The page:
Topic: Mahboob Sahab vs Syed Ismail & Ors

Mahboob Sahab vs Syed Ismail & Ors
Equivalent citations: 1995 AIR 1205, 1995 SCC (3) 693 - CITATION: 1995 AIR 1205 1995 SCC (3) 693 - JT 1995 (3) 168 1995 SCALE (2)395 - Bench: Ramaswamy, K. - Date of Judgment: 23/03/1995


K. Ramaswamy, J.:

1. Syed Ismail and Ibrahim, sons of    Maqdoom, Panchamale filed O.S. No.28 of 1965, impleading their parents and     ap- pellant/purchaser, for possession of the suit lands and     for mesne profits    from the appellant. The averments made in support     thereof are that their father had executed a    gift deed bequeathing 15 acres 38 gunthas out of 31 acres 36 gunthas in Survey No.781 of Aland village, jointly in their favour    and their mother Smt. Chandi, third defendant,     who in her turn, orally gifted over her share to Syed Ismail in April,    1958 at the time of his marriage. Being minors, their father-second defendant, while cultivating the lands on their behalf, had colluded with the Patwari and executed sale deed Ex-D-1 in favour of the appellant. On their becoming aware of the same, they filed the suit since their father had no right, title and interest therein to alienate the lands. The sales, therefore, in favour of the appellant were invalid,    inoperative and do not bind     them.     The appellant pleaded that Maqdoom had entered into an agreement of sale under Ex.D-22 on April 12, 1961 to sell 12 acres of land for valuable consideration and had executed the    sale deed,Ex.D-1 dated May     12,1961, to discharge antecedent debts.     Similarly an agreement of sale of 4 acres of    land for 2,500/- was executed and the appellant had obtained permission from the Assistant Commissioner on August 4, 1964 for sale thereof When he and Smt. Chandi refused to execute the sale deed, he filed OS No.4/1 of     1966 for specific performance which was decreed on contest and the sale    deed Ex.D-3    was executed and registered by     the court. Their parents     had not given any gifts which were set up only to defraud the appellant.    It was brought out at the trial that in OS    No.3/1/1951 filed by one Ismail on the     foot of a possessory mortgage, the executability of another decree obtained by another creditor, was impugned,     wherein by judgment and decree dated September 24, 1951, the Court held that Maqdoom had jointly gifted the lands to the respondents and their mother by a registered gift deed.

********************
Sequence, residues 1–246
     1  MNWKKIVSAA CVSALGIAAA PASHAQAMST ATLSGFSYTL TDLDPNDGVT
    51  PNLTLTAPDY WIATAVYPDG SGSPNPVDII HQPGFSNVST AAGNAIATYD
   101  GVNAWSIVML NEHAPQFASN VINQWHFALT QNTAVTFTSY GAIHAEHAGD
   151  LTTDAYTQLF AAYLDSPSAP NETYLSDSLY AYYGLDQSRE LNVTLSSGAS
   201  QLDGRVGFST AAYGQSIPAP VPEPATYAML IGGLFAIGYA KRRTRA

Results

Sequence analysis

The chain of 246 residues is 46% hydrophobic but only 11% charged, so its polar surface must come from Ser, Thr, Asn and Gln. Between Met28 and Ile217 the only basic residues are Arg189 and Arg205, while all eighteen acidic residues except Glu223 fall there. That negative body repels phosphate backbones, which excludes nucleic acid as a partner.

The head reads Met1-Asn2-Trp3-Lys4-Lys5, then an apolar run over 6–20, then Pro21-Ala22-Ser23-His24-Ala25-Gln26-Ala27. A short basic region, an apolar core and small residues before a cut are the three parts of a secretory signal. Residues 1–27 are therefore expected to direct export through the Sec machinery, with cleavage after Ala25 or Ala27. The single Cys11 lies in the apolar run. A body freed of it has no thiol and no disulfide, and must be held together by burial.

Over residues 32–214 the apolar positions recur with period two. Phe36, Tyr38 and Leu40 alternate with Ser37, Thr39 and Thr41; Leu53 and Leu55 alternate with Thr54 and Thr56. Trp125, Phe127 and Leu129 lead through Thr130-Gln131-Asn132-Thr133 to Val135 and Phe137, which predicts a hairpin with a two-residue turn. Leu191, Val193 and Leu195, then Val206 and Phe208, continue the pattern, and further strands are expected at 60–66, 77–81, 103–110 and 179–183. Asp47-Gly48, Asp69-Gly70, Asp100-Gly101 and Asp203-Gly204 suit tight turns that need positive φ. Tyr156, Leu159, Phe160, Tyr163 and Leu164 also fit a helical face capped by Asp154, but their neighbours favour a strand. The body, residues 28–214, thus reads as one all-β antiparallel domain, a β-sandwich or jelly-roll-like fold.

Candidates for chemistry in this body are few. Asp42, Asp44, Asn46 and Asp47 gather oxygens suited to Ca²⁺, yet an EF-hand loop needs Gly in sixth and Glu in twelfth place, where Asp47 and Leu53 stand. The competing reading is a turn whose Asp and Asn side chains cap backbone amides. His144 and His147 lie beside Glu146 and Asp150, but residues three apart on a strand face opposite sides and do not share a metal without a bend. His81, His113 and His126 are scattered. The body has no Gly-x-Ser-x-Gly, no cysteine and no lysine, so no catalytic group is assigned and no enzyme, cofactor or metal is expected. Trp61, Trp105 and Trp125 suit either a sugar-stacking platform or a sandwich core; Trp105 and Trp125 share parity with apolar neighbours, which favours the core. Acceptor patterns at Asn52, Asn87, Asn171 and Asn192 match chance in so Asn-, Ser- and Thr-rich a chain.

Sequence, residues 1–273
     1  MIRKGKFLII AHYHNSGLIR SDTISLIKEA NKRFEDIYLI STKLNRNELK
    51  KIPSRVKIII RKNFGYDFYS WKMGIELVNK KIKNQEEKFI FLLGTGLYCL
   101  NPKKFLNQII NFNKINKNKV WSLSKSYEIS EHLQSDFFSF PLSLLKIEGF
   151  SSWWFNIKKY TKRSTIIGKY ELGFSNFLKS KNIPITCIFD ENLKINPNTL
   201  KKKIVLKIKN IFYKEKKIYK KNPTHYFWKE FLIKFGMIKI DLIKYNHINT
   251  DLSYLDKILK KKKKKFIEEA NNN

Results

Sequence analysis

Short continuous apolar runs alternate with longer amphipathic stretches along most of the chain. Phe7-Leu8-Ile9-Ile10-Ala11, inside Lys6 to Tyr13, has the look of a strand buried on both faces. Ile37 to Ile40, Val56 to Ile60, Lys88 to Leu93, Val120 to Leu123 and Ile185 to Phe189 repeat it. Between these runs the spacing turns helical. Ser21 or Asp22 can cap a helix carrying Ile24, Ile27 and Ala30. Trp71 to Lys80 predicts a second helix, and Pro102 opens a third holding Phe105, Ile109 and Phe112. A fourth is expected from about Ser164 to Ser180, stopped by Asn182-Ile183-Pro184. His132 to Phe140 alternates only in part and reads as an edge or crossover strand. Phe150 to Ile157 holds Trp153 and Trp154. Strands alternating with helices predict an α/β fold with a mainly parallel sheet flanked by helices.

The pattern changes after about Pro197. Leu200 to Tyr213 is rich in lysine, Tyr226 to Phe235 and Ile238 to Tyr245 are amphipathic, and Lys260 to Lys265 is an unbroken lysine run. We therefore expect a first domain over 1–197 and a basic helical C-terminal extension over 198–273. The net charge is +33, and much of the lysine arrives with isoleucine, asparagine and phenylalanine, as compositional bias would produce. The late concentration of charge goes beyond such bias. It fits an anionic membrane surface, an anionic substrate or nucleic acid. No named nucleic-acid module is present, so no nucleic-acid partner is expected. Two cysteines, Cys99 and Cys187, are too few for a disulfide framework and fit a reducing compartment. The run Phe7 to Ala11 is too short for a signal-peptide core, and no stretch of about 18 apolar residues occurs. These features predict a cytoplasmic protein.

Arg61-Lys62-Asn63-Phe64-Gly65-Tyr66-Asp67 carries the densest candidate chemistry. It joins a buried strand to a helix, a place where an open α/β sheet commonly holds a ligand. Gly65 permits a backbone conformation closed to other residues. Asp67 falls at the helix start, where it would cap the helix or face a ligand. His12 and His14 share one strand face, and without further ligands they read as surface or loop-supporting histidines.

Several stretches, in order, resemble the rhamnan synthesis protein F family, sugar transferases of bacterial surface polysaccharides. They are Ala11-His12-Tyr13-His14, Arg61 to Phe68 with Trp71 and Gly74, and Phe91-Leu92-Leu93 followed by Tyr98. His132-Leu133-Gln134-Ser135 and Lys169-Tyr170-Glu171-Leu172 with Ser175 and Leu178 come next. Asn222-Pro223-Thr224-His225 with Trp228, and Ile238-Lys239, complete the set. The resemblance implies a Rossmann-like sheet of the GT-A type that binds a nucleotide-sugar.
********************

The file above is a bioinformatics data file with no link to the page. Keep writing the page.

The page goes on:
2. The aforesaid finding was pleaded to operate as     res judicata against the appellant.     As a preliminary issue, the trial court